Falling in love with Positano
A place, a family, a passion
Ever since the early Middle Ages, positanesi have been travellers, crossing seas and oceans, making contacts. But we carry our small ‘vertical’ town with us wherever we go. The azure Mediterranean in front, the mountains behind, a stack of jaunty houses, bougainvilea and lemon trees: even on a busy New York sidewalk, this picture floats somewhere in the middle distance, like a film projected on mist.
“We carry our small ‘vertical’ town with us wherever we go.”
Flat landcapes and straight roads feel wrong to us. We come from a land where there are only two directions, up and down, and where routes never go direct from A to B but meander from A towards Z before eventually ending up at H, or Q, or X.
The history of Positano is a story of survival against the odds, vital martime energy, and a natural instinct for hospitality. But it is also a wandering line. The vivid murals of the Roman villa that recently came to light under the mother church of Santa Maria Assunta, the beautiful, mysterious Byzantine Madonna on the high altar of the church itself, the handsome 18th-century merchants’ houses of the Liparlati district, the northern and eastern European artists and writers who created a small but vibrant cultural community here in the early twentieth century – these dazzling pinnacles emerge from the past with no clear path between them, because so little was written down.
“In 1951, we opened our home to the world.”
When our family discovered it between the two World Wars, Positano was a delightful seaside refuge from Naples’ summer heat and intense urban life. At first, it was where we spent the summer and the occasional weekend. But we still felt deeply at home here. Positano and Naples share traditions, saints, recipes, dialect expressions and the wayfaring ways we inherited from our common ancestors.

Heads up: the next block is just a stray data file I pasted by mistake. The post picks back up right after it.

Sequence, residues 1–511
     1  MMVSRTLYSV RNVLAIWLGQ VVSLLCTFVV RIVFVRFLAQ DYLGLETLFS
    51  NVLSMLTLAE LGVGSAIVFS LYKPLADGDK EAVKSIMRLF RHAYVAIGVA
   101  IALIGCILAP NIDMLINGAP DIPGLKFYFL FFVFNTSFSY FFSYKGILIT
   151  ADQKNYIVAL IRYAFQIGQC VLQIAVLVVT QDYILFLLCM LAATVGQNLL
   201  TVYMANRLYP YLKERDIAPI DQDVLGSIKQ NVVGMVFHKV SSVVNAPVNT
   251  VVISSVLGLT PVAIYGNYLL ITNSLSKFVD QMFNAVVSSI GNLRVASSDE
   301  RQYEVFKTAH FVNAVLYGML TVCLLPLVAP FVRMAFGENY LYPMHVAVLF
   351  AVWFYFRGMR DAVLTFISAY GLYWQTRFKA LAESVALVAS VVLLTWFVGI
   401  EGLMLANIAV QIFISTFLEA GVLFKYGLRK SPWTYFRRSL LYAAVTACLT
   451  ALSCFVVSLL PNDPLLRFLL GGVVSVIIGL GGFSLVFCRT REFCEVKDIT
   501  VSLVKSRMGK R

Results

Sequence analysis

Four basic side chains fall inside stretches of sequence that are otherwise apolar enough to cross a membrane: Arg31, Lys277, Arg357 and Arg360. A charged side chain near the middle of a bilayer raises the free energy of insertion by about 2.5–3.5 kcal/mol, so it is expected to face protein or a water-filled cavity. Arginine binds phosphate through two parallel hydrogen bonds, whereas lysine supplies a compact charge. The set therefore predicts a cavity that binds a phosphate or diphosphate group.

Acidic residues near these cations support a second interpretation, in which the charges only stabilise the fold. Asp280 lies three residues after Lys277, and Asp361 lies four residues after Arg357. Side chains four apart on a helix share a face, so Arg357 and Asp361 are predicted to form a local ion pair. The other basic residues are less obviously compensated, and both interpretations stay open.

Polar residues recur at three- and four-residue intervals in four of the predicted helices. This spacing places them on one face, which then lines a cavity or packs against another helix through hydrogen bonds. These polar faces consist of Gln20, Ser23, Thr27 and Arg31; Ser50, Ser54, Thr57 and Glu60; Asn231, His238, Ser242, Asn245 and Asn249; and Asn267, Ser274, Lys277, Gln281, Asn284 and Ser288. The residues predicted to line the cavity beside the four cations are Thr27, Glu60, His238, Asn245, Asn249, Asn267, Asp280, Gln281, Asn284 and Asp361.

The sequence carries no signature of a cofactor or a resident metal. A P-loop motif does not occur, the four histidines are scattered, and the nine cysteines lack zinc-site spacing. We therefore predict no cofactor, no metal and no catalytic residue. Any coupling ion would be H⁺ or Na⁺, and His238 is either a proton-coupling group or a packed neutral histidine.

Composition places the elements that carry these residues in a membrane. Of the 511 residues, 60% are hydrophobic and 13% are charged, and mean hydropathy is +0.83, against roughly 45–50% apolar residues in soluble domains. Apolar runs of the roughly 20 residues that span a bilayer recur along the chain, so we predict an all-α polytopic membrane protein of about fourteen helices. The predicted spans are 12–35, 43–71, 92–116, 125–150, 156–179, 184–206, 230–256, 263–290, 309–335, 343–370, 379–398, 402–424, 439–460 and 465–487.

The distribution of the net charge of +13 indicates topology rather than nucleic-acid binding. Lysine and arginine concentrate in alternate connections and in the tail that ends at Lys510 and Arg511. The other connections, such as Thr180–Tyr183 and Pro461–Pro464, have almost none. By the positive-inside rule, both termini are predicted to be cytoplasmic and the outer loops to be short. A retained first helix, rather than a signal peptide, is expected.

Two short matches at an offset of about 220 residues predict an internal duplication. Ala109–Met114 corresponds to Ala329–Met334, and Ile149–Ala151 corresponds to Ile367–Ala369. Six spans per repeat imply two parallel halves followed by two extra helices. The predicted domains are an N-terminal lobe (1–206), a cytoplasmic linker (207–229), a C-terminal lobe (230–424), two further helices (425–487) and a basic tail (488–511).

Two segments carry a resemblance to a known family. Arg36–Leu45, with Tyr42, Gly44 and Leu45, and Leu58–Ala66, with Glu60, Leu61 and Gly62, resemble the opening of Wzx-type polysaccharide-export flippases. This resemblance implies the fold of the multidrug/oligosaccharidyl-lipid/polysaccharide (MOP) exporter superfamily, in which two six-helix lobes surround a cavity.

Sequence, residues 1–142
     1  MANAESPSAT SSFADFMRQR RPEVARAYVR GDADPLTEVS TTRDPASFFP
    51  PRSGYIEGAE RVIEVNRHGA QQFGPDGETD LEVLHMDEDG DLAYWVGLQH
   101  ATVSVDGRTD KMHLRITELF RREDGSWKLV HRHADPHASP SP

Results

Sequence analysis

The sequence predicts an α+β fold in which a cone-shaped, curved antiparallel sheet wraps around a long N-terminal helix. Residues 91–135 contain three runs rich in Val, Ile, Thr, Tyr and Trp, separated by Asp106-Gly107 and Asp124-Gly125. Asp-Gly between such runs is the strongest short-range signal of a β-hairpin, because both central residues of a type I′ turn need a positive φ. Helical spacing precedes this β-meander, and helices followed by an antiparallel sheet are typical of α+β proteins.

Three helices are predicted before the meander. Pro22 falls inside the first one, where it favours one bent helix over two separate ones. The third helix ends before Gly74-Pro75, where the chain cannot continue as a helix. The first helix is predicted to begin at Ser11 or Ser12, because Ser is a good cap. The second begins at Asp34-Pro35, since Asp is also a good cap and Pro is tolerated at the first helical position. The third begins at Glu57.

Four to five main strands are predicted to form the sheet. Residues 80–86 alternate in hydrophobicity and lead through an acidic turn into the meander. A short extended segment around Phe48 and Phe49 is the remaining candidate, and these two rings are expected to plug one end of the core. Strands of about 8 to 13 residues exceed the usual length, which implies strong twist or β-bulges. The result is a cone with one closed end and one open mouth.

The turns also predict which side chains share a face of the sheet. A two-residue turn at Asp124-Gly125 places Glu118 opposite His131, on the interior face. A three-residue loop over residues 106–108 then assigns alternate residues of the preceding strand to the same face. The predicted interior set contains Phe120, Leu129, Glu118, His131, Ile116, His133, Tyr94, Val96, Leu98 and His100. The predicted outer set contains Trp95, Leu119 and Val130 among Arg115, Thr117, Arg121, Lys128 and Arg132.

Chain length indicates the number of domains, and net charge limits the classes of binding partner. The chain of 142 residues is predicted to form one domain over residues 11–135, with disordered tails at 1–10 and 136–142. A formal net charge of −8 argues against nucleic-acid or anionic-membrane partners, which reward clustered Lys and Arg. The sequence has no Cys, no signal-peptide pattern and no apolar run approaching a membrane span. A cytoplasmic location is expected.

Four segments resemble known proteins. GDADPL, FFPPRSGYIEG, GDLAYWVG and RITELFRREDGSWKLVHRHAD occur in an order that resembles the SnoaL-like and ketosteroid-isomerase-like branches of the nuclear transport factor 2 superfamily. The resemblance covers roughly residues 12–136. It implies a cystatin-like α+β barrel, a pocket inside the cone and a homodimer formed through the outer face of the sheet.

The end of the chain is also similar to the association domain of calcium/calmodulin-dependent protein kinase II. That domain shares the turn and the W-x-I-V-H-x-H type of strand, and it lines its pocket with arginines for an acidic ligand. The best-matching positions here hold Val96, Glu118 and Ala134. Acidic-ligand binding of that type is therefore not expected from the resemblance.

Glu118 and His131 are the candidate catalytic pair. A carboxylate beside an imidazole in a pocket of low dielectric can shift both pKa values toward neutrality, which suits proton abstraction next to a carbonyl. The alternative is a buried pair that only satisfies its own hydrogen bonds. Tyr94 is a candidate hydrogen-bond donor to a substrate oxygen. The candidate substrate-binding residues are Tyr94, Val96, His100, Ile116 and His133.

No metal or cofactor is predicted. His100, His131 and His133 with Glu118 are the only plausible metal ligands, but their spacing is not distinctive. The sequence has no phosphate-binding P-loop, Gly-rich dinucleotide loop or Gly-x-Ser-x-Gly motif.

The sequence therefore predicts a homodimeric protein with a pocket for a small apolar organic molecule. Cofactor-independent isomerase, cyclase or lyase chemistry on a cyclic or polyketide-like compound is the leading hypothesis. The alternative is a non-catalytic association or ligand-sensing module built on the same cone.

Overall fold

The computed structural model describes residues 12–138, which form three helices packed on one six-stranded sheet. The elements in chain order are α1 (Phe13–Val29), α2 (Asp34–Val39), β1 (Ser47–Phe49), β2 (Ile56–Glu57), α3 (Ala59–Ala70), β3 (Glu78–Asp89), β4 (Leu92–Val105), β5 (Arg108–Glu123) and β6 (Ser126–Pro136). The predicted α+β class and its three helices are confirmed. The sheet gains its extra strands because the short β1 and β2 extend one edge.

Before long, siblings Aldo, Anna and Paolo Sersale found that they were spending more time at Villa Giulietta in Positano than in Naples itself. In 1944, Paolo was even elected mayor of Positano – a mandate that would be reconfirmed three more times, until 1960. In the first year of his mayorship, he persuaded US General Mark Clark to designate Positano as an army rest resort, and the family personally hosted several Allied officers.
Looking after guests, introducing them to the things locals love to eat and drink, telling them our stories and listening to their own – these were natural extensions of the hospitality the family villa had always offered to friends and guests. So when Villa Giulietta opened as a hotel called Le Sirenuse in 1951, it didn’t feel like such a big leap. It still doesn’t. Though we no longer live inside the house that became Le Sirenuse, we have never lost the sense that this is our home and that those who visit us here are our honoured guests. We hope we never do.